JAY: And the same in Bolivia. There’s been a lot of talk about the necessity of dealing with climate change and being environmentally friendly.
JAY: I think it’s in the Constitution.
JAY: What’s happening there?
WILLIAMS: It’s a little bit different in Bolivia because the social movements exist, right? There are large social movements that actually are the reason that Evo Morales is in power in the first place. However, it’s still very much about growth, development. And that development is based on fossil fuels, natural gas in the case of Bolivia.
JAY: And when you say “growth development”, I mean, to be concrete, we’re talking about tens of thousands of people that still live in terrible poverty. So it’s not, like, just growth for growth’s sake; it’s growth that–people should be able to eat and have subsistence.
WILLIAMS: No, there are some very positive things that have come about with the election of Evo Morales. I think people there–and it’s quite clear that development needs to occur, because there are still many people without electricity, many, many people without clean water or without sanitation, entire cities, or regular access to water, let alone clean water. I was talking to people in the south of Cochabamba. Their community has water–polluted water; they can’t drink it–two hours a week. So, clearly there’s a need for investment and for lots of money flowing into Bolivia to do social reconstruction or construction.
JAY: And Bolivia has fossil fuels.
WILLIAMS: And Bolivia has fossil fuels. So how do you escape that conundrum?
JAY: Same story for Venezuela or Ecuador.
WILLIAMS: Yup. I think it’s a huge question. And that’s why the people in the Global South, governments, the people in the Global South, social movements, are calling for a couple of things. One is the eradication of all debt that they owe from previous dictatorships or whatever to Western financial institutions. The way that the banks were forgiven in 2008, countries in the Global South should be forgiven. And the second thing is they need investment money. And there has been set up a climate fund that supposed to have $100 billion in it by 2020 that’s agreed upon from the rich industrialized countries to the Global South to help them develop and adapt in non-pollutant or less polluting ways. But there’s no money in it. Nobody’s put any money in it.
JAY: I assume foreign investment primarily wants to invest in fossil fuel development.
WILLIAMS: Absolutely. I was in the–it was interesting, ’cause I was in the U.S. embassy in Vietnam, in Hanoi, and in the same room at the same time was the head of USAID, as well as the commerce attaché. So the head of USAID said, we cannot fund–they’re in the same ministry within the United States government, Foreign Service. Head of USAID said, we cannot fund anything that’s related to fossil fuels. At the same time, when the commerce attaché spoke, he said, we’ll fund anything; in fact, we’re funding coal right now in Vietnam. And so you’ve got this complete contradiction, which is similar to the larger contradiction of capitalism, that they say they want to do something and then they end up doing whatever is the most profitable thing, because he wants to sell U.S. goods and technology to the Vietnamese at a handsome profit, and even with these other programs going on that they won’t do that.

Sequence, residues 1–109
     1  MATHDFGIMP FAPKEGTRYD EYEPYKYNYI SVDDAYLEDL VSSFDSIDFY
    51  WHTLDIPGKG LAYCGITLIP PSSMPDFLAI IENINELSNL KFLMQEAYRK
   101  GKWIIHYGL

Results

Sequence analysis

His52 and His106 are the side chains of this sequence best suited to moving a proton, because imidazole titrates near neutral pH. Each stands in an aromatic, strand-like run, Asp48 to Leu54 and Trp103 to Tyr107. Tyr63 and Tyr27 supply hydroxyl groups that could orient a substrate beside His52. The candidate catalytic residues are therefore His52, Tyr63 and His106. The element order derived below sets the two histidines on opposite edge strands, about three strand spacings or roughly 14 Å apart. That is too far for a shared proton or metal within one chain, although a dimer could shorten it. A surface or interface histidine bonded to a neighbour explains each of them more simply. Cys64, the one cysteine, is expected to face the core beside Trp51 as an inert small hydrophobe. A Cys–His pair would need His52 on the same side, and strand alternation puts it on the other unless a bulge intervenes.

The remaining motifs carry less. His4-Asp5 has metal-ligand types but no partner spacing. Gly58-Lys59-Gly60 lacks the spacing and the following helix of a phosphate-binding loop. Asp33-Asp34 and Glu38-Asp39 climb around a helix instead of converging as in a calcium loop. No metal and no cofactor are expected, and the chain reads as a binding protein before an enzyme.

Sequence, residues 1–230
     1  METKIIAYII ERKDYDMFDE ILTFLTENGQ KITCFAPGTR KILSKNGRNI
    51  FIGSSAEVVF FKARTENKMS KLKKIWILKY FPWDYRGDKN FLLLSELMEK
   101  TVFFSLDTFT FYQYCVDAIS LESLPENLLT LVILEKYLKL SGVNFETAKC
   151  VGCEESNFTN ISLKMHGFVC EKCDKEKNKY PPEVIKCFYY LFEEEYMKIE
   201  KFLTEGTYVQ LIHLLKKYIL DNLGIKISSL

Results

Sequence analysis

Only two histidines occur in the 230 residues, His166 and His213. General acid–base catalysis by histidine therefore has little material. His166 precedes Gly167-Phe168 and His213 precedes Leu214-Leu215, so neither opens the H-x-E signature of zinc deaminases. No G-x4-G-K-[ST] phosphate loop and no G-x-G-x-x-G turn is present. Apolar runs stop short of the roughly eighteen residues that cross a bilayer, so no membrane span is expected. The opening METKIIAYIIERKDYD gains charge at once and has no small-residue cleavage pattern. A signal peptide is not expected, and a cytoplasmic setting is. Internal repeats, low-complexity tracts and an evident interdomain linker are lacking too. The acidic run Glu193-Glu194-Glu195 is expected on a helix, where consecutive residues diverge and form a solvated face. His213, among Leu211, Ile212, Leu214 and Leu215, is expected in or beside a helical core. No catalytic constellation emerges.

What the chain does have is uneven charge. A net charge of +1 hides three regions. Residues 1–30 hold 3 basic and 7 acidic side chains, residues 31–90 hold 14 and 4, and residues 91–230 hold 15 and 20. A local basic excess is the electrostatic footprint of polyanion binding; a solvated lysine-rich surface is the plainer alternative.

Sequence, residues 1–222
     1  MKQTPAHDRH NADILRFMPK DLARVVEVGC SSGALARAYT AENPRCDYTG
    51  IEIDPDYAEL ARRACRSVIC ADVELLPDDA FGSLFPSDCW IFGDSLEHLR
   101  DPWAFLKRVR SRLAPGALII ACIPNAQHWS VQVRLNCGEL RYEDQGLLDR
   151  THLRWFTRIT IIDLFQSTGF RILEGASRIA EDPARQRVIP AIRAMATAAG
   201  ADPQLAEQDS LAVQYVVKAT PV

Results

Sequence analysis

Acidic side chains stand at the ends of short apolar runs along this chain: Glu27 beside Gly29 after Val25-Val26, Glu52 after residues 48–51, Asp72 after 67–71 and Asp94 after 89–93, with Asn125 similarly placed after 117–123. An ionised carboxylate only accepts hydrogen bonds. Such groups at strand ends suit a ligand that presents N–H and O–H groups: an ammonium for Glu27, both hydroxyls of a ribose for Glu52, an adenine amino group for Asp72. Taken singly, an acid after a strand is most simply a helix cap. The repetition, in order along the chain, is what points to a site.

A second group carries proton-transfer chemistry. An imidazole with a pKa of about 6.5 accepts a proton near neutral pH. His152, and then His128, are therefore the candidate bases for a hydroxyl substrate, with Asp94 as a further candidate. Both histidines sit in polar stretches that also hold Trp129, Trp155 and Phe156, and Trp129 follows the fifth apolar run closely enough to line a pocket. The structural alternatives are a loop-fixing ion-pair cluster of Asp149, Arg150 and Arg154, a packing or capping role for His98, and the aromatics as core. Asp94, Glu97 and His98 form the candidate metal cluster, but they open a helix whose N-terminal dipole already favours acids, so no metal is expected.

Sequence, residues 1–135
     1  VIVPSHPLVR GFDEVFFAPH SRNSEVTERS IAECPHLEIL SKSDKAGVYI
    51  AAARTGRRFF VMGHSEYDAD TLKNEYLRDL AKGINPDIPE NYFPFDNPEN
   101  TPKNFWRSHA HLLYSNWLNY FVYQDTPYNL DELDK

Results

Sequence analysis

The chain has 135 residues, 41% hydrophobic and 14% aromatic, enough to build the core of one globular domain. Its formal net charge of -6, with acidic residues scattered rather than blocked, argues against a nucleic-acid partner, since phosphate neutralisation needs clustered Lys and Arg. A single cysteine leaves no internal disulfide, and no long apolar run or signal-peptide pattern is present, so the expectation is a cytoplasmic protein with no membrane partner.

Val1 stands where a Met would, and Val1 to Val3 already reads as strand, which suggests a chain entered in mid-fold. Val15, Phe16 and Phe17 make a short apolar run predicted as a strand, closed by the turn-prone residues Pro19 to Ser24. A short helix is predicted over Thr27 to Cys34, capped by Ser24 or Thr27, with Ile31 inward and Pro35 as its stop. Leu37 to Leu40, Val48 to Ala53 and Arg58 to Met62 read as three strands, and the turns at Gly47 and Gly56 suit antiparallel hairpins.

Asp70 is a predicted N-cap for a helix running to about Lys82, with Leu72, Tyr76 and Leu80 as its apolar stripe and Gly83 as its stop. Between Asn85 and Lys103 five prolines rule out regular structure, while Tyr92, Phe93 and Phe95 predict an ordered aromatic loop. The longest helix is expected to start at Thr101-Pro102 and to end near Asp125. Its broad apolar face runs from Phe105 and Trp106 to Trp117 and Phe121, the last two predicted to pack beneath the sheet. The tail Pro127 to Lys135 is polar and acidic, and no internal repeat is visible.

JAY: I mean, one would think, then, in Venezuela’s case, certainly, and also Ecuador and Bolivia, they could use some of the money they’re getting from the fossil fuel revenues to diversify the economy. How much does that seem to be happening?
WILLIAMS: I can’t speak so much to Venezuela, but certainly in Bolivia, there the funds from the nationalization of the gas industry are going toward social programs for women, for pension, for education.
JAY: But that doesn’t necessarily diversify the economy.
WILLIAMS: But it does not diversify the economy.
JAY: I think similar–I mean, what I know of Venezuela is somewhat similar.
WILLIAMS: Right. The contradiction is, of course, once they have now nationalized them so that–I mean, all the foreign companies are still there, the oil companies are still there, so obviously it wasn’t that bad for them. They’re still making money. But the reality is that now that the Bolivian state is getting more funds from fossil fuel production, why not produce more fossil fuels? ‘Cause you will get more funds for these social programs. So then you get locked into that. And mining as expanded hugely under Evo Morales.
And so how do you escape that kind of paradigm of development that Western financial institutions, the World Bank, etc., will give you money for those things, Western corporations are happy to come in and make money with you and share their expertise, at the same time as you’ve got this rhetoric of caring for the environment, buen vivir and so on? So how do you square those two things when you know that the population is heavily impoverished and need some social change and need some basic things that we take for granted, like electricity, like water? I think that that is the huge challenge. How do you develop in an ecologically sustainable way that is also about social justice?
JAY: Okay. In the next segment of our interview, we’re going to talk about what people should do and what kind of demands people should make.
Please join us with Chris Williams on Reality Asserts Itself on The Real News Network.
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“Chris Williams is a longtime environmental activist and author of Ecology and Socialism: Solutions to Capitalist Ecological Crisis. He is a professor of physics and chemistry at Pace University and chair of the science department at Packer Collegiate Institute, and a regular contributor to the International Socialist Review.”